Updated: Jun 22
Gardeners understand the power of mulch which simply put, improves plant growth and health. This hard-working product regulates the temperature of soil, retains moisture in the soil, reduces weed growth and provides a finished appearance to a garden’s design.
During the winter, the insulating quality of mulch protects plants from the freezing and thawing cycle which can lead to “frost heaving". Frost heaving occurs when water in soil that is unprotected by mulch expands and contracts leading plants to literally rise up out of the ground, causing damage to plants’ crowns and roots.
In spring, this same insulating quality helps to warm the soil a little earlier allowing for earlier planting than would normally be possible.
·Unprotected soil will often crust over due to lack of water. Mulch provides a protective cover that prevents this crusting. Instead of running off the hard surface, mulched soil absorbs water. It also slows water evaporation from the underlying soil, in some cases, by up to 35 percent.
Mulching also controls weeds by blocking the light that some unwanted species need to germinate. Some weed species can rob up to 25 percent of the moisture that would ordinarily feed nearby plants.
Mulch also prevents soil from splashing onto leaves, reducing the potential for the contamination of plants with fungal and bacterial diseases often found in the soil.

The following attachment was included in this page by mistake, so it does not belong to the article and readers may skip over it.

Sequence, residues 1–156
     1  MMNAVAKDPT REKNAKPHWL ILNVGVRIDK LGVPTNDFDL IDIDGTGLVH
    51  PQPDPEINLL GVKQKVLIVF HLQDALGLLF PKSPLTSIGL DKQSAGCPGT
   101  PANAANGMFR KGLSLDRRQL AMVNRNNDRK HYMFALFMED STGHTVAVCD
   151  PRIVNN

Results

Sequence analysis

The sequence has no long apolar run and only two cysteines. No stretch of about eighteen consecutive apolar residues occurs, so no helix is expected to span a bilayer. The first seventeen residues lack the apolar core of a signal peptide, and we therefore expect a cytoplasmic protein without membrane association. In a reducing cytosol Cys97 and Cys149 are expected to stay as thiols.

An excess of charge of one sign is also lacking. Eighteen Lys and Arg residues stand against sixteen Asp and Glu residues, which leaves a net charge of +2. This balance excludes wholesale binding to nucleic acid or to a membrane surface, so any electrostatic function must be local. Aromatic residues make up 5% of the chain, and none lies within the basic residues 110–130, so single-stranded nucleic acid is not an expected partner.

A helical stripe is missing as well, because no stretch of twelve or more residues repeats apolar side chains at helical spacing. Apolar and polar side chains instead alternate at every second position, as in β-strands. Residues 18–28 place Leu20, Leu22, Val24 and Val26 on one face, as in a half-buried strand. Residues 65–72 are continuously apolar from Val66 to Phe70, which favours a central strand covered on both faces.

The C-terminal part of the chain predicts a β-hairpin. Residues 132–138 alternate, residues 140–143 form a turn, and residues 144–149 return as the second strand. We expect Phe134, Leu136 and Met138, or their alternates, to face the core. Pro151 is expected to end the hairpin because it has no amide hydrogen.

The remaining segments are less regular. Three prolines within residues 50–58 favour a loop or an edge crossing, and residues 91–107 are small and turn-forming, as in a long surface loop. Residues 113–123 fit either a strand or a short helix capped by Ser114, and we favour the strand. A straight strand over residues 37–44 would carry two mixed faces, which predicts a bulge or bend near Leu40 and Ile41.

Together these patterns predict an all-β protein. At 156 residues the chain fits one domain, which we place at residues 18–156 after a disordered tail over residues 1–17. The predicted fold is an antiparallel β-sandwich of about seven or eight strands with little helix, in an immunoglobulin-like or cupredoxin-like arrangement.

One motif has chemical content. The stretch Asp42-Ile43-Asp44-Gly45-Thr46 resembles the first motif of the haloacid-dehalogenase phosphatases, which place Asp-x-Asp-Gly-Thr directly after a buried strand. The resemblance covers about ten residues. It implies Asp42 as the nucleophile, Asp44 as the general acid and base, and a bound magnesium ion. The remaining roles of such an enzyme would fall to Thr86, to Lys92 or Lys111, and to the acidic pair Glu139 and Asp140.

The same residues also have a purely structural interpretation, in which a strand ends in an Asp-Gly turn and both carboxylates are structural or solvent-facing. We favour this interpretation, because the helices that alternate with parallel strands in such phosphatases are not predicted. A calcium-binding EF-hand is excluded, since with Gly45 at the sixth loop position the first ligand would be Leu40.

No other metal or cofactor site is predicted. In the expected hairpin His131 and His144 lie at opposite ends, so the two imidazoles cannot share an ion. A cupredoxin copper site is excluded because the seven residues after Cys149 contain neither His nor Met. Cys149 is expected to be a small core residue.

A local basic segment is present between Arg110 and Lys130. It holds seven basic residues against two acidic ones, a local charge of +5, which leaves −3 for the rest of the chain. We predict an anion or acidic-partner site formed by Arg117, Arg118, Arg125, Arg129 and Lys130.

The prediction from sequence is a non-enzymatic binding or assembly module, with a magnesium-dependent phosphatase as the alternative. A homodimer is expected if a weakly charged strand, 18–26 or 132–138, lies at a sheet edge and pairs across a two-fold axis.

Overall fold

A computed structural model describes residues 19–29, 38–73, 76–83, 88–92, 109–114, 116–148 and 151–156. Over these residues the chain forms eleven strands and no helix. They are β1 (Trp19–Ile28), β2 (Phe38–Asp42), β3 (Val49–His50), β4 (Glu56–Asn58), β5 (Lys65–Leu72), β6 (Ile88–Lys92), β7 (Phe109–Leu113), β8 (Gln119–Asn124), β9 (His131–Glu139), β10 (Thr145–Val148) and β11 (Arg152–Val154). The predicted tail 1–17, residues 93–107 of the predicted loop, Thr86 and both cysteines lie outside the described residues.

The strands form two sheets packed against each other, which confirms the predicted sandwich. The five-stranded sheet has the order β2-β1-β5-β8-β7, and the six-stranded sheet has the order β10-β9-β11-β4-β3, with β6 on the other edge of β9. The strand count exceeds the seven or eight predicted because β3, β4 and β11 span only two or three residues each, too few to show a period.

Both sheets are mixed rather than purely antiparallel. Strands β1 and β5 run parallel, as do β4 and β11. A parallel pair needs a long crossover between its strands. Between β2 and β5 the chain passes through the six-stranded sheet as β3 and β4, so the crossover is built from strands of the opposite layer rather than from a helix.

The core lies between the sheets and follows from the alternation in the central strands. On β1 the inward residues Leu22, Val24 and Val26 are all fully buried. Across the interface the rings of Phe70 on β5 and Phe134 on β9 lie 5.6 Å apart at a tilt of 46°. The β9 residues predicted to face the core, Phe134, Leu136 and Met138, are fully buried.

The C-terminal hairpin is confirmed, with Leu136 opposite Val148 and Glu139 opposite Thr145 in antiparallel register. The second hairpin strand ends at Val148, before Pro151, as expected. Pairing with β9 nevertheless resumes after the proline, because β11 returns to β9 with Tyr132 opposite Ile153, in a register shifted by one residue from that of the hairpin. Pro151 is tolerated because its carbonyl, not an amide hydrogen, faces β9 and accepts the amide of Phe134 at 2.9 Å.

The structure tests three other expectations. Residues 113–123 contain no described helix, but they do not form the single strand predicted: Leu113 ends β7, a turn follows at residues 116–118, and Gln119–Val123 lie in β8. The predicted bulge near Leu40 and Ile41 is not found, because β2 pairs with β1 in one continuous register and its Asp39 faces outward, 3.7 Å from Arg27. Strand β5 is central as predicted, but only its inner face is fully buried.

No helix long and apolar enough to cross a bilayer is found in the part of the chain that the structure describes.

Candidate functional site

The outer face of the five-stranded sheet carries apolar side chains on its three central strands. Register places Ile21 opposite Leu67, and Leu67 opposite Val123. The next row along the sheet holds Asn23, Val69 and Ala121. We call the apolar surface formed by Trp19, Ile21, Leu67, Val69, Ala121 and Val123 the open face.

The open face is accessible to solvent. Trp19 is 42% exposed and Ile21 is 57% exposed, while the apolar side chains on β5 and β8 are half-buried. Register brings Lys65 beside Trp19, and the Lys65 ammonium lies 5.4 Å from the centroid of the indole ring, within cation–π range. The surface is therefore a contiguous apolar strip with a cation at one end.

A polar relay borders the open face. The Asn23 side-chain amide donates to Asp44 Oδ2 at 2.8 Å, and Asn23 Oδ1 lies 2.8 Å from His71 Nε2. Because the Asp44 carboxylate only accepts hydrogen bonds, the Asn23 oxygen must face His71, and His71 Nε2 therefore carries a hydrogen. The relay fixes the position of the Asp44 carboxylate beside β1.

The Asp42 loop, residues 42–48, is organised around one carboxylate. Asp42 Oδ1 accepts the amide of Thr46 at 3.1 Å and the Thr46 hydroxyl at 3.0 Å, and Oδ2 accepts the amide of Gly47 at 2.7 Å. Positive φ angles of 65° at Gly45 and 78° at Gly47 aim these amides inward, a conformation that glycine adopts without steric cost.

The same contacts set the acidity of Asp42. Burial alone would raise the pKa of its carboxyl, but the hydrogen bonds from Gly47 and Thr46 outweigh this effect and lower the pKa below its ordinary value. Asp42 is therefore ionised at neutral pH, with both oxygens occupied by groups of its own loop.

The aesthetic benefits of mulch are well known as are some of its exaggerated excesses. Mulch unifies a garden’s design by creating a neutral backdrop in the garden, allowing the shrubs and flowers to take center stage. Mulch can also help fill patchy areas in the garden, creating a clean and tidy look.
Everyone is familiar with the mulch volcano, where mulch is piled high around the trunk of a tree, in the shape of a volcano. This can cause bark decay and can cause the tree’s roots to grow up into the mulch, rather than down into the soil. Mulch should always be kept several inches away from the trunks of trees and shrubs.
Generally speaking, ornamental gardens should have a layer of mulch 2-3 inches deep; not too deep that it will suffocate plants but deep enough to keep weeds from taking root.
Organic mulch, the only type of mulch we recommend, breaks down and improves the soil’s structure and fertility over time. Mulch materials generally include hardwood, pine bark and compost. While each material is beneficial in its own way, each also has drawbacks. Hardwood mulch can “knit together” and impede the growth of plants, pine bark can be blown or washed away, and compost can provide a prime bed for airborne weed seeds.
To overcome the downsides of these traditional mulch materials, Renewed Earth, our mulch supplier located in Otsego, Michigan, created a new mulch, PineLife, which we’ve started using with great results. It’s a proprietary mix of composted pine mulch, fine compost, mycorrhizae, barkfines and a slow release fertilizer designed to improve soil structure, feeds plants and encourage beneficial microorganisms.
This nutrient enhanced, performance based landscape mulch also provides a beautiful backdrop to any landscaped garden. It’s deep brown color and fine texture improves the look of landscaped beds as well as areas around tree and shrub plantings. The before and after pictures of our customer’s beds are a testament to the beauty of PineLife mulch.